Samsung has unleashed the latest devices in its mid-priced A series on the UK, with the arrival of the 2017 variants of the Galaxy A3 and A5. As in previous years, Samsung has brought a smattering of high-end features to a more affordable price point through the pint-sized 4.7-inch A3, and the larger 5.2-inch A5.
Both phones share a similar glass and metal construction, much like Samsung's higher-end offerings, along with the IP68-rated water and dust resistance that comes as standard with the Galaxy S7. In fact, aside from a few differences in port and button placement, the A5 is the spitting image of its more expensive sibling. (In fact, it one-ups the GS7 in one small but notable area, shipping with a more up-to-date USB-C port.)
So the external hardware matches the quality we've come to expect from Samsung's flagships, with a subtle curve to the back panel, and clean joins between the glass and the metal. Other staple Galaxy S features like fingerprint security — which we weren't able to test yet — round off a familiar profile for both devices
Both phones' displays — 720p SuperAMOLED on the smaller A3, bumping up to 1080p on the larger A5 — are bright and vivid, delivering everything we've come to expect from AMOLED in a Samsung phone, with the exception of the extra pixel density you get from a flagship like the S7. And the internal hardware -— Samsung's homemade Exynos 7880 and 7870 chips — do a fine job of powering the Marshmallow-based software.
|Category||Galaxy A5 (2017)||Galaxy A3 (2017)|
|Network||LTE Cat 6||LTE Cat 6|
|Display||5.2-inch FHD 1080p||4.7-inch HD 720p|
|CPU||1.9GHz octa-core||1.6GHz octa-core|
|OS||Android 6.0.1 Marshmallow ("Grace" UX)||Android 6.0.1 Marshmallow ("Grace" UX)|
|Camera||Rear : 16MP (F1.9), Front : 16MP (F1.9)||Rear : 13MP (F1.9), Front : 8MP (F1.9)|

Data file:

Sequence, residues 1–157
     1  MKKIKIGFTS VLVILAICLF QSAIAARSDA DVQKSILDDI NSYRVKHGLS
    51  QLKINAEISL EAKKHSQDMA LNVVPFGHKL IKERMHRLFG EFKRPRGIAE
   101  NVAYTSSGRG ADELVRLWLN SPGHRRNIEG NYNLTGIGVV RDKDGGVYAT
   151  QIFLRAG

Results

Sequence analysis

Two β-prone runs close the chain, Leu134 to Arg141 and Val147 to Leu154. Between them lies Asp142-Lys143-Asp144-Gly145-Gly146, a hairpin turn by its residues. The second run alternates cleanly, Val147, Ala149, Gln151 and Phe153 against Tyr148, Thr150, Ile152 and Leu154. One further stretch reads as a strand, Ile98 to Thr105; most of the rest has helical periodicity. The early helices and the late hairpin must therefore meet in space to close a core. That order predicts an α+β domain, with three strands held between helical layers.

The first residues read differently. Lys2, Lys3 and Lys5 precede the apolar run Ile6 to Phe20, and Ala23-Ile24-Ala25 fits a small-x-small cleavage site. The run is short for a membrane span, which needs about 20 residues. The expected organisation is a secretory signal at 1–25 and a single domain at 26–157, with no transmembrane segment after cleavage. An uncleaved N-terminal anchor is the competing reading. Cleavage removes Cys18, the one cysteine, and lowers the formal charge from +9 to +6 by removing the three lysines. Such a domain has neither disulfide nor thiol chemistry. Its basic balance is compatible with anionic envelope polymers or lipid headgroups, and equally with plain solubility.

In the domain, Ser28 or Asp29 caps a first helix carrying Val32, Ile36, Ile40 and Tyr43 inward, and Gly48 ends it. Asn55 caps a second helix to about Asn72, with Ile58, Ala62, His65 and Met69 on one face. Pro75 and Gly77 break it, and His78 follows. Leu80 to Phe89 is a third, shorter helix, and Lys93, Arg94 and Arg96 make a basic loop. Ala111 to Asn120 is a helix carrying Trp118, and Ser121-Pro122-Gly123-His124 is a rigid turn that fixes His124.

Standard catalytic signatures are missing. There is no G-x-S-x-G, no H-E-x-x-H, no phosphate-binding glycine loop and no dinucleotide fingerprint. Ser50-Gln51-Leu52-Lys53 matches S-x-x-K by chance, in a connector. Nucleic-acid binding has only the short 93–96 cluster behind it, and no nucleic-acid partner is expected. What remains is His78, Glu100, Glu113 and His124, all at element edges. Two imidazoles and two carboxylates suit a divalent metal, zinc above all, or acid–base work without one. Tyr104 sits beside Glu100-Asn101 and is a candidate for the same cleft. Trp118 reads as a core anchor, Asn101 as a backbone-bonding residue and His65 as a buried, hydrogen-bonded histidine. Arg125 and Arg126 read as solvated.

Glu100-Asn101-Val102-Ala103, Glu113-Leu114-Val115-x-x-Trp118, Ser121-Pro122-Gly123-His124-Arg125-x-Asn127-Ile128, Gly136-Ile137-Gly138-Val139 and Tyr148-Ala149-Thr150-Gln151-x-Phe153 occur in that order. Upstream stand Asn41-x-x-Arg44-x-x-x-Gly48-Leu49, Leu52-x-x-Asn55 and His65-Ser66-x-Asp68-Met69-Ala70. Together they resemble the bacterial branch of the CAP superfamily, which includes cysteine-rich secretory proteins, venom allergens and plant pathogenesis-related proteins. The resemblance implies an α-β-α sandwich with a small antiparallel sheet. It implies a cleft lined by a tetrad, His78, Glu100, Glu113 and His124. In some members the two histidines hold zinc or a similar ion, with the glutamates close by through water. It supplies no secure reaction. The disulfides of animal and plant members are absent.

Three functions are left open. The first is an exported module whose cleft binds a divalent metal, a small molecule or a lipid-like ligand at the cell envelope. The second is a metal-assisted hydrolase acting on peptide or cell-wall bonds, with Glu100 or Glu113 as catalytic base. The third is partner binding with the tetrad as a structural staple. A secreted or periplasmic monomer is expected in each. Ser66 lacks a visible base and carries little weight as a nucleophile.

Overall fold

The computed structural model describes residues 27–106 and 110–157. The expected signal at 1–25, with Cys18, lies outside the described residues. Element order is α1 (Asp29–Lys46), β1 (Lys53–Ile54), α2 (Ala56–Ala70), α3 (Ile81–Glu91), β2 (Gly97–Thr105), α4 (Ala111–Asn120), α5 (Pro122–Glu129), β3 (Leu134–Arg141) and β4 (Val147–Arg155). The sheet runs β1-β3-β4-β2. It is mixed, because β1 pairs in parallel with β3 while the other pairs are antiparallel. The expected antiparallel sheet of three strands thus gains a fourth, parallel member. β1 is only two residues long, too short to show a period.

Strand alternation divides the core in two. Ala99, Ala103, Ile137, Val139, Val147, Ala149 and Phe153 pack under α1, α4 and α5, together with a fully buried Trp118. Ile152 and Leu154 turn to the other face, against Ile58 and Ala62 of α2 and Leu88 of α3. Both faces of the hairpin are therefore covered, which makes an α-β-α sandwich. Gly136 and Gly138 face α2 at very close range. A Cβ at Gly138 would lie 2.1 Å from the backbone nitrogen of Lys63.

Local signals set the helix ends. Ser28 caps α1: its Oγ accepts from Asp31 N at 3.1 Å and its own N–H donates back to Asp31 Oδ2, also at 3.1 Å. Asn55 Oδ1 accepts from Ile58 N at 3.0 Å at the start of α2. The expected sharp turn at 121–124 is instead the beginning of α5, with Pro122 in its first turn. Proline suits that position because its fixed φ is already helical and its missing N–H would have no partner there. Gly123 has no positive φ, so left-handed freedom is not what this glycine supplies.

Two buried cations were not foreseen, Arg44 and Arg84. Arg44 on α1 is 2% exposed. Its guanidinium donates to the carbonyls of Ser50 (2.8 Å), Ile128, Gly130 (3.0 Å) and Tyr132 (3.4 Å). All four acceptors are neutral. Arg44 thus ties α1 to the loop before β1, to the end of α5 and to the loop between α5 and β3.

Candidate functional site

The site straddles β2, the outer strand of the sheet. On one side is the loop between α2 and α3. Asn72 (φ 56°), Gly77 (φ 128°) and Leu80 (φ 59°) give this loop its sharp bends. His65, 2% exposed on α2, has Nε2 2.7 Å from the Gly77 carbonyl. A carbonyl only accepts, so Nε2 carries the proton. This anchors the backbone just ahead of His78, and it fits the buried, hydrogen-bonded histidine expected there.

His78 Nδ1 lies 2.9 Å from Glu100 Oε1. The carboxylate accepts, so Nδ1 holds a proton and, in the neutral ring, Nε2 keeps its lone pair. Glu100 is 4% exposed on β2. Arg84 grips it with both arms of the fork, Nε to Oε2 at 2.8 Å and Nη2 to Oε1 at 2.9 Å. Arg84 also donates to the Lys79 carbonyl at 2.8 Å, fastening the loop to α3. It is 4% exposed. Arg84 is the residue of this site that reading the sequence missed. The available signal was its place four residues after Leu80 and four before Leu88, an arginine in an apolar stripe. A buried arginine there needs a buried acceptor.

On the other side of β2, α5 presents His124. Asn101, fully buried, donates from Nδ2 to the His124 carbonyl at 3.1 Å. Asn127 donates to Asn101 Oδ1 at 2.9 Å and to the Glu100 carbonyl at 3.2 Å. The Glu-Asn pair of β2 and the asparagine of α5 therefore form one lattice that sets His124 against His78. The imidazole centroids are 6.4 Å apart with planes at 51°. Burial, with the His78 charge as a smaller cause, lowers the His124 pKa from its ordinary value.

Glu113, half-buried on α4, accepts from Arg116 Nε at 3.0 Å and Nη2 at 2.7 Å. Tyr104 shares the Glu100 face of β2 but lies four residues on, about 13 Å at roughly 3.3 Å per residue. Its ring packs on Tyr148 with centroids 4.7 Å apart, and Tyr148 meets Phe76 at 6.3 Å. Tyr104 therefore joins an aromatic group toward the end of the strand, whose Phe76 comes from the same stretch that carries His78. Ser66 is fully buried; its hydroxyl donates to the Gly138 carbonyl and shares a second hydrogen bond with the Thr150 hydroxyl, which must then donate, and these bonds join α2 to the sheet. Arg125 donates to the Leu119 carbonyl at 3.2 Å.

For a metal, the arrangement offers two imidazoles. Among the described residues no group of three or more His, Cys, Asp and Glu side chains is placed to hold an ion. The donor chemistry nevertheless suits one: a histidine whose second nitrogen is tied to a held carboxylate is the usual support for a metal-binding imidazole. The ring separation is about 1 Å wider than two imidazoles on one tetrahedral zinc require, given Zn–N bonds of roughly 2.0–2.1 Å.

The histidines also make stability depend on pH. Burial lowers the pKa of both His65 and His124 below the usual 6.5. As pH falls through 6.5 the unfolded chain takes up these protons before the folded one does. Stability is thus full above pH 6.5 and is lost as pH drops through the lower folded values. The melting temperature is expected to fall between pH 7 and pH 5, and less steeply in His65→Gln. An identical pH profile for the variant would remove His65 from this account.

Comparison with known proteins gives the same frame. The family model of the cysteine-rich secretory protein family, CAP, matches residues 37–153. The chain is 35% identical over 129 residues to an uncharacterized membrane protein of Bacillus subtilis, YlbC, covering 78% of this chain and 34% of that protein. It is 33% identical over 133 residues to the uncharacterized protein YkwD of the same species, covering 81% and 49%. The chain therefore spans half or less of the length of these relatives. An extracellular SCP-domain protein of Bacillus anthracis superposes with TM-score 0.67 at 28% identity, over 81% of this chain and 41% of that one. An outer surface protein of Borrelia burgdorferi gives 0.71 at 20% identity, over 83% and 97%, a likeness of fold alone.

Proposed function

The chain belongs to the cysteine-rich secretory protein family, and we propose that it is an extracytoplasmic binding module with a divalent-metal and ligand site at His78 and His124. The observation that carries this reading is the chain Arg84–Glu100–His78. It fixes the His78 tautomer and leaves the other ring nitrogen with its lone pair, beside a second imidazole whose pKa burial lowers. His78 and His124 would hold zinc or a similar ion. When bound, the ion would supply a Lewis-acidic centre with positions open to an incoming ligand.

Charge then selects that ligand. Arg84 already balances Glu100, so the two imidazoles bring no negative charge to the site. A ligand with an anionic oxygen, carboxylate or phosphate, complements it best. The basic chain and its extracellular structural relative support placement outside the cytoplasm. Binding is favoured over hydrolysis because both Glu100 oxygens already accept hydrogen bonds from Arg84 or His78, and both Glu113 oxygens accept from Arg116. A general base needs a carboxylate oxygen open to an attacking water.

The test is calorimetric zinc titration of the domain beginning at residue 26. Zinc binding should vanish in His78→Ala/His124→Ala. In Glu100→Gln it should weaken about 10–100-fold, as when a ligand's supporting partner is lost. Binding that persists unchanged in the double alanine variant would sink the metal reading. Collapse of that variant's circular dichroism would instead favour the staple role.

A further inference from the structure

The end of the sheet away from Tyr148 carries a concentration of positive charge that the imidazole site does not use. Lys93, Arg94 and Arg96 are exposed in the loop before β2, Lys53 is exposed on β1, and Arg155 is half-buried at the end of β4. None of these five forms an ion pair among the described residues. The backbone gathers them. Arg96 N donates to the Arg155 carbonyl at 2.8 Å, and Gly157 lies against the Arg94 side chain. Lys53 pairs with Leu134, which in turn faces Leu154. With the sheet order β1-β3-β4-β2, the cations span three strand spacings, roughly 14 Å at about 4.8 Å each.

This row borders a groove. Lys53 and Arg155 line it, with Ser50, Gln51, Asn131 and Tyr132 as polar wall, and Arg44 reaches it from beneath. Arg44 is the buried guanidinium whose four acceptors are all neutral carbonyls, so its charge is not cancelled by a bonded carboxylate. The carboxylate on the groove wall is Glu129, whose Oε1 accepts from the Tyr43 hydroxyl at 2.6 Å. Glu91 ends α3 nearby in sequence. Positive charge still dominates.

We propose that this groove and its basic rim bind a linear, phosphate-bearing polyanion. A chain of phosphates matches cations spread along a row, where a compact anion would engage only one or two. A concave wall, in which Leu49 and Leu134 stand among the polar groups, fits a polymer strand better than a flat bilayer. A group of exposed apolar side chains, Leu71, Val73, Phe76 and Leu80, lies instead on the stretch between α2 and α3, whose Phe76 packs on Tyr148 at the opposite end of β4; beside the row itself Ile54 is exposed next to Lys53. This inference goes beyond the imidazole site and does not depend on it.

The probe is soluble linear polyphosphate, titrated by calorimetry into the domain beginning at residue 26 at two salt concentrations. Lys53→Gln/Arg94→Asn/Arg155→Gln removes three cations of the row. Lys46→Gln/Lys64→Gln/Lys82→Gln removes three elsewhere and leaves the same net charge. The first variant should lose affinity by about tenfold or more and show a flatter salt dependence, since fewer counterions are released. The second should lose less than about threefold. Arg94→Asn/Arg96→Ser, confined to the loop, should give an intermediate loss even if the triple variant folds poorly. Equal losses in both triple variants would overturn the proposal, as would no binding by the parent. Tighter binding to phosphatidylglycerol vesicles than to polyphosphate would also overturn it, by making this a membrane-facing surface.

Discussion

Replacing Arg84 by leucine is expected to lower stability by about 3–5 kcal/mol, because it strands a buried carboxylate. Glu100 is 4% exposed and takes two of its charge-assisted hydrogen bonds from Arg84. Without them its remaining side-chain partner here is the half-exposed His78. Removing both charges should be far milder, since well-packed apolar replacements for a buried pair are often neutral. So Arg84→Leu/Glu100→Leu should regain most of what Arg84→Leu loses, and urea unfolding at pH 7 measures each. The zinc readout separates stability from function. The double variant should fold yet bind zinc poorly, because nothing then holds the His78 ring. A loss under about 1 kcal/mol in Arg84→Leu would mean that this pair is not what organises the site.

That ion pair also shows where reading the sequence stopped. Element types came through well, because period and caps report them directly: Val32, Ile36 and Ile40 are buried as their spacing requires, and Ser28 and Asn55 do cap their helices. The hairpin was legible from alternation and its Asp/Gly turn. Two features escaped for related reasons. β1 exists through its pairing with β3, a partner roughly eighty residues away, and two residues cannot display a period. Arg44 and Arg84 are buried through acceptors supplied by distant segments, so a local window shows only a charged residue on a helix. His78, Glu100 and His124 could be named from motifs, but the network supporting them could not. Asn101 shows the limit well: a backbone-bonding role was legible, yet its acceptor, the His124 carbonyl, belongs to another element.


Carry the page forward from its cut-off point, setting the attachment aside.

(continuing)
|Storage||32GB + SD||16GB + SD|
|Dimensions||146.1 x 71.4 x 7.9mm||135.4 x 66.2 x 7.9mm|
|Battery||3,000mAh, Fast Charging
Although you'll need to make do with an older version of Android than some others in this price category, Samsung has at least brought its latest user experience tweaks to these phones. That means you get the so-called "Grace UX" — the lighter, brighter UI that debuted in the ill-fated Note 7, before making its way to the GS7 in its recent Nougat update. So A3 and A5 buyers will get the latest features from Samsung, even though they'll need to wait a little longer for the latest Android platform update.
That means slick new Dialer, Messaging and Gallery apps, along with a re-tooled Settings menu, re-vamped quick settings and a slicker, brighter interface for just about every bundled application. And both phones also boast Samsung's useful Always-On Display feature, which lets you see the time, pending notifications and even calendar details without unlocking the device. The Galaxy A5 even boasts Samsung's multi-window feature -- although you'll miss out on native multi-window support, meaning fewer apps are supported compared to phones running Android 7.0.
The latest Samsung features, but on an old version of Android.
Along with water resistance and premium construction, Samsung's singling out the A series' cameras as a major tentpole feature this time around. The A5 boasts a 16-megapixel sensor behind an f/1.9 lens on both the front and the back, so selfies should look every bit as good as photos taken with the rear camera. On the A3, you'll step down to 13 megapixels on the back, and eight around the front.
In our limited time testing the camera of the A5, we came away impressed with what Samsung's been able to bring to the table. On paper, the A5's camera sits somewhere between the GS5 and GS6, and that means that in all but very dark conditions you're likely to get great results. Much of Samsung's camera UX has transferred over from the Galaxy S line, and the new A-series phones bring some unique tricks of their own to the table. There's a new "food" mode, which jacks up the saturation and adds a fake depth of focus effect to emphasize the colors of your grub. And an optional floating shutter button makes it easier to take selfies without unnecessary finger strain.
After just a short time with Samsung's new Galaxy A3 and A5 models, it's clear both handsets have a lot to offer. But there are a few major barriers to entry for enthusiasts. The first is Marshmallow. Other phones around the A5's £399 price point, such as the OnePlus 3T, ship with Nougat and significantly higher specs. At £299, the field is a little clearer for the Galaxy A3, however it's still challenged by the likes of the Honor 8, which will soon be getting an upgrade to Android 7.0.
But for buyers who prioritize features above having the latest and greatest software, the Galaxy A series has a lot to offer — and at a significantly lower price point than the manufacturer's higher-end handsets.
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